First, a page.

Let us continue
our study of I Peter. It is in this book during one of Israel’s
darkest hours that Peter encourages them to look not at their
suffering but the God of suffering.
This week let us
study verses 6-9 of Chapter 1. It is here we find ‘The Purpose
Of All Suffering’. Our text says, “Wherein
ye greatly rejoice, though now for a season, if need be, ye are in
heaviness through manifold temptations: That the trial of your
faith, being much more precious than of gold that perisheth, though
it be tried with fire, might be found unto praise and honour and
glory at the appearing of Jesus Christ: Whom having not seen, ye
love; in whom, though now ye see him not, yet believing, ye rejoice
with joy unspeakable and full of glory: Receiving the end of your
faith, even the salvation of your souls.”
We find within our
text a threefold purpose for suffering. In verse 6 we have ‘A
Rejoicing Purpose’. The word ‘wherein’ is in the neuter
gender and could not refer to our earthly profession of salvation.
He turns their attention from this season of trouble to the eternal
world of salvation. It is there we will greatly ‘rejoice’.
The word means extreme joy expressing itself externally in an
exuberant fashion. He compares what they are going through to what
awaits them. This time of trouble is but for a ‘season’.
(Small span of time) They find themselves going through the
heaviness of manifold temptations. The word ‘through’ means
a fixed position without movement. The word ‘heaviness’
means unbearable to carry. ‘Manifold’ means varied in size,
multiple in number, and heavy in weight. ‘Temptation’ is a
solicitation to do evil. Peter tells us that ‘it needs be’.
Why do God’s people have to go through these things? What is the
purpose? One reason is that servants who are to be used greatly
must be ground between the millstones of suffering. The second
reason is only wayward children can be brought back to the Lord by
suffering. The third reason is simply to refine and make us like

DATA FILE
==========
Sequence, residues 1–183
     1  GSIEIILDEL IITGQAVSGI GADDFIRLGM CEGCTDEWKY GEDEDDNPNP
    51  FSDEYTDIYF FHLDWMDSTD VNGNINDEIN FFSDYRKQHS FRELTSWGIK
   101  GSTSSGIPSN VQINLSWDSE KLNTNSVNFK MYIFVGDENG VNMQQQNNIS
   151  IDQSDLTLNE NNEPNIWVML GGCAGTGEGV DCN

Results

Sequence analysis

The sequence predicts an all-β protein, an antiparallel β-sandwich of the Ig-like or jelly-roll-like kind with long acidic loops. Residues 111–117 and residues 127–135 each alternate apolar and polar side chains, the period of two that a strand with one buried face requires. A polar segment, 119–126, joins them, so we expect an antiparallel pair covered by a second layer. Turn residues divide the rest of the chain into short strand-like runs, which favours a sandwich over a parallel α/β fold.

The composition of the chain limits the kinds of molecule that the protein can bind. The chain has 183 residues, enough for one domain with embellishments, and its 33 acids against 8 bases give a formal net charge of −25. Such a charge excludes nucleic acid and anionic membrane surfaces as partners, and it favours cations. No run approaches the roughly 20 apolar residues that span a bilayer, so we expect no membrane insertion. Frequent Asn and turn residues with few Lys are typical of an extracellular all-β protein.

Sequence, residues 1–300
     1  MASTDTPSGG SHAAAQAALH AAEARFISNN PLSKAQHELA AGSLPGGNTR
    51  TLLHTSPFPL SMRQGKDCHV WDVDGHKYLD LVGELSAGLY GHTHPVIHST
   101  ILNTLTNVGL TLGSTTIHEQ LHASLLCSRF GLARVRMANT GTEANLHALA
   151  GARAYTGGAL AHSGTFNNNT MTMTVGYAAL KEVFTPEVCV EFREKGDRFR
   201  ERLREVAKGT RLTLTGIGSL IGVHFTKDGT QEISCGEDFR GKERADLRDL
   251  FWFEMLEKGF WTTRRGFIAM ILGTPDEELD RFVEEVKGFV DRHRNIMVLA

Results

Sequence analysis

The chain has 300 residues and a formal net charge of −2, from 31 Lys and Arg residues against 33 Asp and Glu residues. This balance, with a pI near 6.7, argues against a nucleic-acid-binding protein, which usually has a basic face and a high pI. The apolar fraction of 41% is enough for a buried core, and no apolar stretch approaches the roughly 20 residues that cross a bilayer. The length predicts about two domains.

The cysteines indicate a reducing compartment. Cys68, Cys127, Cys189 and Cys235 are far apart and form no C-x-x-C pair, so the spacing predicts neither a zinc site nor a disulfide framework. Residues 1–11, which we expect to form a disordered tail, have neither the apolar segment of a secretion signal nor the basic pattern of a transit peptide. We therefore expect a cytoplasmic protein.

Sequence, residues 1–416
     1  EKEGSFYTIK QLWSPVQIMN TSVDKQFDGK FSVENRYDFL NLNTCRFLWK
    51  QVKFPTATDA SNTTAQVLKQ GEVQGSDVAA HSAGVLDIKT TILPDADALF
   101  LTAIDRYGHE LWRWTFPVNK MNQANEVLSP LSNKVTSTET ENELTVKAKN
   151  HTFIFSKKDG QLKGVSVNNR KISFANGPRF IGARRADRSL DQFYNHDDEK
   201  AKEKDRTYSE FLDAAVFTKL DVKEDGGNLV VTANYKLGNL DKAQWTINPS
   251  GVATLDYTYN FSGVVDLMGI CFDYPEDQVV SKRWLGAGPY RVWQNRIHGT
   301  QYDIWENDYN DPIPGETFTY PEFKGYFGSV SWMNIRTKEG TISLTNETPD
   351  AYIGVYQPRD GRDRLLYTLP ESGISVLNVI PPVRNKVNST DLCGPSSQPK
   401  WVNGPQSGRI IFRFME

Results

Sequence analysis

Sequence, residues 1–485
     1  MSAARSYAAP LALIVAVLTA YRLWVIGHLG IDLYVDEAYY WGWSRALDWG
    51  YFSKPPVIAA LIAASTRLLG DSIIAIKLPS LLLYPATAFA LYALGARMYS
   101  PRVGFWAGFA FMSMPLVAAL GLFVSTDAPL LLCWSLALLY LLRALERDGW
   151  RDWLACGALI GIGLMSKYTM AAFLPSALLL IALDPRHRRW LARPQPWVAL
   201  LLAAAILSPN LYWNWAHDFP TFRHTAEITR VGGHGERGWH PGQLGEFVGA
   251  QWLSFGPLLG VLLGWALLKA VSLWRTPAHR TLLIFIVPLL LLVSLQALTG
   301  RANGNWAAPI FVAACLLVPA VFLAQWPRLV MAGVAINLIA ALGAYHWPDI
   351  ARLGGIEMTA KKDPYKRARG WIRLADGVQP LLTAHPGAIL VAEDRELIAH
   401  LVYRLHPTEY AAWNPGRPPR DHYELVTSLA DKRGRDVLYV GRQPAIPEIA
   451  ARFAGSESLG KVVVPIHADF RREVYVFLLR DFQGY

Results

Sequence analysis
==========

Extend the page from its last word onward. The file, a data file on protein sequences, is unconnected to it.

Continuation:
our Lord. Let us rejoice in these reasons. Why, even Job said ‘when
He hath tried me I shall come forth as gold’.
In verse 7 we have
defined for us ‘The Refining Purpose’. The word ‘trial’
used in this verse is the Greek word ‘dokimazo’, which means
to put to the test with a view of determining whether one is worthy
to be approved. It is used in the consideration for a Doctor’s
degree in medicine. How can one be assured that his faith is
genuine and is approved by the test of suffering?
The first proof will
be a submissive spirit to the Lord in a time of testing. (Not my
will, but thine be done) The second proof is that one will remain
faithful to walk with Him in the trial. The third proof is there
will be a desire to learn the lessons being taught through this
The faith is not the
focus of the praise at His appearing but the fact of approval in the
test. Our approval in this test is ‘more precious than gold’.
When one is a gold miner and strikes a vein of gold he takes a
sample to the assayer’s office. The assayer through lab work will
establish the worth of the gold and the quantity of the mine. The
assayer’s report is worth more than gold. It is like money in the
bank. It is of great value when our God can trust our faith in the
time of suffering.
In verses 8 and 9 we
have ‘The Revealing Purpose’. We are reminded in verse 8
that we have never seen the Lord. We have never seen Him yet we
believe in Him and love Him. To know Him is to love Him and to love
Him is to want to know Him more. This loving knowledge causes great
joy even in our darkest hours of suffering.
In verse 9 the final
great fact of the ‘Revealing Purpose’ is that the ultimate
end of our suffering will be to see Him face to face. ‘It will
be worth it all, when we see Jesus. Life’s trials will seem so small
when we see Christ. One glimpse of His dear face, all sorrows will
erase. So bravely run the race till we see Christ’.
Let our focus not be
on what we are going through but the purpose for which God has
chosen for us to walk this road.